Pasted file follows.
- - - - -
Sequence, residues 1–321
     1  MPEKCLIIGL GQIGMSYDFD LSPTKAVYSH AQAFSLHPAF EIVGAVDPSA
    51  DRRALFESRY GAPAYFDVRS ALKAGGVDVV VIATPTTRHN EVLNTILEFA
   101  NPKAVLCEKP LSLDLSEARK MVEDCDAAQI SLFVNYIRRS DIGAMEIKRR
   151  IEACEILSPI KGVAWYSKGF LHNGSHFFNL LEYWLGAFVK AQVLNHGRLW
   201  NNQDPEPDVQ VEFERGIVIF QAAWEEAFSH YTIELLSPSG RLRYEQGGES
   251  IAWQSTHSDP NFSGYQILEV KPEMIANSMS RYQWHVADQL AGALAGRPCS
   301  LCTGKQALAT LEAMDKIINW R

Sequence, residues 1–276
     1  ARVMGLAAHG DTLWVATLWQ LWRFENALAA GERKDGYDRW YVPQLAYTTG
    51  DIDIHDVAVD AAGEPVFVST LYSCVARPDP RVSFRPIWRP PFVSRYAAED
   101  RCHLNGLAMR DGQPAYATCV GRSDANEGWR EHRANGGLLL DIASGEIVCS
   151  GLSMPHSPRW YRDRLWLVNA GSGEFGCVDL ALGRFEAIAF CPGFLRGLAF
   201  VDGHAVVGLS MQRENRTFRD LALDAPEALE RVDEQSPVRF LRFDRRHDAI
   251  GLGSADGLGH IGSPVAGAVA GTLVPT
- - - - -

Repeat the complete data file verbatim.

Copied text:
Sequence, residues 1–321
     1  MPEKCLIIGL GQIGMSYDFD LSPTKAVYSH AQAFSLHPAF EIVGAVDPSA
    51  DRRALFESRY GAPAYFDVRS ALKAGGVDVV VIATPTTRHN EVLNTILEFA
   101  NPKAVLCEKP LSLDLSEARK MVEDCDAAQI SLFVNYIRRS DIGAMEIKRR
   151  IEACEILSPI KGVAWYSKGF LHNGSHFFNL LEYWLGAFVK AQVLNHGRLW
   201  NNQDPEPDVQ VEFERGIVIF QAAWEEAFSH YTIELLSPSG RLRYEQGGES
   251  IAWQSTHSDP NFSGYQILEV KPEMIANSMS RYQWHVADQL AGALAGRPCS
   301  LCTGKQALAT LEAMDKIINW R

Sequence, residues 1–276
     1  ARVMGLAAHG DTLWVATLWQ LWRFENALAA GERKDGYDRW YVPQLAYTTG
    51  DIDIHDVAVD AAGEPVFVST LYSCVARPDP RVSFRPIWRP PFVSRYAAED
   101  RCHLNGLAMR DGQPAYATCV GRSDANEGWR EHRANGGLLL DIASGEIVCS
   151  GLSMPHSPRW YRDRLWLVNA GSGEFGCVDL ALGRFEAIAF CPGFLRGLAF
   201  VDGHAVVGLS MQRENRTFRD LALDAPEALE RVDEQSPVRF LRFDRRHDAI
   251  GLGSADGLGH IGSPVAGAVA GTLVPT